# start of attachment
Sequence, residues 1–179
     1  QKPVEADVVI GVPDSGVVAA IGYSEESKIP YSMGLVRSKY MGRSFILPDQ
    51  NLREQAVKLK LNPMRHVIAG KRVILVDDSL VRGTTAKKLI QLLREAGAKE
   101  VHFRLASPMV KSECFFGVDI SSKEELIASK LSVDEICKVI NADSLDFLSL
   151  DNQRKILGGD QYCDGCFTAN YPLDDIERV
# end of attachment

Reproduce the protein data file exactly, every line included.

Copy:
Sequence, residues 1–179
     1  QKPVEADVVI GVPDSGVVAA IGYSEESKIP YSMGLVRSKY MGRSFILPDQ
    51  NLREQAVKLK LNPMRHVIAG KRVILVDDSL VRGTTAKKLI QLLREAGAKE
   101  VHFRLASPMV KSECFFGVDI SSKEELIASK LSVDEICKVI NADSLDFLSL
   151  DNQRKILGGD QYCDGCFTAN YPLDDIERV